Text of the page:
Mike Bloomberg waves to supporters in West Palm Beach, Florida, on Super Tuesday. Photo: Joe Raedle/Getty Images

Never in American history has a presidential candidate spent more to get less than Mike Bloomberg, making his buy-a-nomination bid a big bust. 

Why it matters: Bloomberg spent $600 million to win as many states as every American who chose not to run: zero. (He has American Samoa to show for it.)

  • Fellow billionaire Tom Steyer got off — and out — cheap by spending less than half that much to tie Bloomberg in states won.

What's next: Look for Bloomberg to drop out as soon as this morning, and try to save face by promising to spend a helluva lot more to defeat President Trump with someone other than him.

  • Bloomberg returned to New York after speaking in West Palm Beach last night. Sources expect him to address staff at his headquarters today.
  • He doesn't want history to remember him as the spoiler who helps Sanders win the nomination, or hands re-election to Trump.

What happened:

  • Bloomberg bet Joe Biden was toast. He was wrong. 
  • Bloomberg bet Democrats would rally around him as the Electable One. He was wrong.
  • Bloomberg bet he could buy support with TV ads, while avoiding tough media interviews. He was wrong.
  • Bloomberg bet on a brokered convention. That could still happen, but he appears dead wrong that Democrats would turn to him as their savior.

Bloomberg's rivals — especially Elizabeth Warren — went after aspects of his record as a businessman and former Republican and New York mayor, and Bloomberg stumbled badly in his first debate appearance.

  • They hit him for past lawsuits and court settlements with women in the workplace, New York's stop-and-frisk policy and his views on taxes and China.
  • They seized on the Democratic base's mistrust of billionaires and the #MeToo movement and painted Bloomberg as an out-of-touch elite.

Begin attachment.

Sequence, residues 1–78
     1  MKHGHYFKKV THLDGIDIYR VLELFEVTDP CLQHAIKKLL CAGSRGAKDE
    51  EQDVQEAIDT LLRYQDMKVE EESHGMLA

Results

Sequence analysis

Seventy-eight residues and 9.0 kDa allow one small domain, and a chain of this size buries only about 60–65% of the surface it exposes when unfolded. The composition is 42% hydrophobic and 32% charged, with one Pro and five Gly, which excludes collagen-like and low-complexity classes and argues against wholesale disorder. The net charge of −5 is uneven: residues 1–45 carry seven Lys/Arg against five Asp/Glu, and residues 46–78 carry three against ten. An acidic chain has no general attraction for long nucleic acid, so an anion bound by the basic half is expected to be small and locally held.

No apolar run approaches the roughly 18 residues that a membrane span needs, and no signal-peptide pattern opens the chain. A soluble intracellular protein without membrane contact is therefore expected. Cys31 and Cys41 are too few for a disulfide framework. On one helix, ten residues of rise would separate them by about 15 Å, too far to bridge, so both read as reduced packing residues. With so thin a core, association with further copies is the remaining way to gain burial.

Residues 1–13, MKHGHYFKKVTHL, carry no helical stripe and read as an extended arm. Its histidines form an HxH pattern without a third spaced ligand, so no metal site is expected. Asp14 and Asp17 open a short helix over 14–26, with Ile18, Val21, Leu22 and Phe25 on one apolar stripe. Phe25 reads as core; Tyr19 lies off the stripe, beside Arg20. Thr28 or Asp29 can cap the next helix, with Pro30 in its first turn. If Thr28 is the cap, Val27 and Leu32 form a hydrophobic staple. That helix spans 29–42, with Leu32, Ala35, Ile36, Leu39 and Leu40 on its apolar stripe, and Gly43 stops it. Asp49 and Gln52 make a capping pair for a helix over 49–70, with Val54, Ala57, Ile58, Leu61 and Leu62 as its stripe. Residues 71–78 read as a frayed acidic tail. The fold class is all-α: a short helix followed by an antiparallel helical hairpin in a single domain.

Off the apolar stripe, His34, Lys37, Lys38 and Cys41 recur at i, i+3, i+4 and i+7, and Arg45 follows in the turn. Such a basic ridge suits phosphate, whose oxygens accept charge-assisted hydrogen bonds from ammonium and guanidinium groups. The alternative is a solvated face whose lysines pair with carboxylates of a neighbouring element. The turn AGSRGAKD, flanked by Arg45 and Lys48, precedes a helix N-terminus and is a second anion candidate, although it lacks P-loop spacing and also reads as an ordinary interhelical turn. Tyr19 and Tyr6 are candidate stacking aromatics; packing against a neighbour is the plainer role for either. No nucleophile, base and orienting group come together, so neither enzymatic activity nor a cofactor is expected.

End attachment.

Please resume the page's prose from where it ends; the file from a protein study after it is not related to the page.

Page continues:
What they're saying: A nighttime Twitter thread by Bloomberg campaign manager Kevin Sheekey gives the candidate an exit strategy if he wants one, and space to redefine success:.

  • Sheekey said that in just 100 days Bloomberg had gone from 1% in polls to being "a contender," and built a national coalition that can defeat Trump.

A Bloomberg campaign official told Axios that the endorsement of Biden by Rep. Jim Clyburn (D-S.C.), and the departures of Amy Klobuchar and Pete Buttigieg from the contest, had a "profound impact" on Super Tuesday's results.

  • "I'm from New York, so I know Bloomberg," supporter Stephen Dickstein told Axios at Bloomberg's rally in West Palm Beach, Florida. "I think he has done an amazing job but he’s not gonna be the nominee."

Go deeper

Supreme Court Justice Ruth Bader Ginsburg dies at 87

Photo: Tom Brenner/Getty Images.

Supreme Court Justice Ruth Bader Ginsburg has died at 87.

Why it matters: Ginsburg had suffered from serious health issues over the past few years, including cancer. Her death sets up a fight over filling a Supreme Court seat with less than 50 days until the election.

NYT: White House drug price negotiations broke down over $100 "Trump Cards"

President Trump with Mark Meadows, his chief of staff, on Sept. 3 at Andrews Air Force Base in Maryland. Photo: Mandel Ngan/AFP via Getty Images

Negotiations on a deal between the White House and pharmaceutical industry to lower drug prices broke down last month after Mark Meadows, the president's chief of staff, insisted that drugmakers pay for $100 cash cards to be mailed to seniors before the election, according to the New York Times.

Why it matters: Some of the drug companies feared that in agreeing to the prescription cards — reportedly dubbed "Trump Cards" by some in the pharmaceutical industry — they would boost Trump's political standing weeks ahead of Election Day with voters over 65, a group that is crucial to the president's reelection bid, per the Times.

In photos: Virginians line up for hours on first day of early voting

Photo: Andrew Caballero-Reynolds/AFP via Getty Images

In some parts of Virginia, people waited in line up to four hours to cast their ballots on the first day of early voting, according to the Washington Post.

The big picture: The COVID-19 pandemic seems to already have an impact on how people cast their votes this election season. As many as 80 million Americans are expected to vote early, by mail or in person, Tom Bonier, CEO of TargetSmart, a Democratic political data firm, told Axios in August.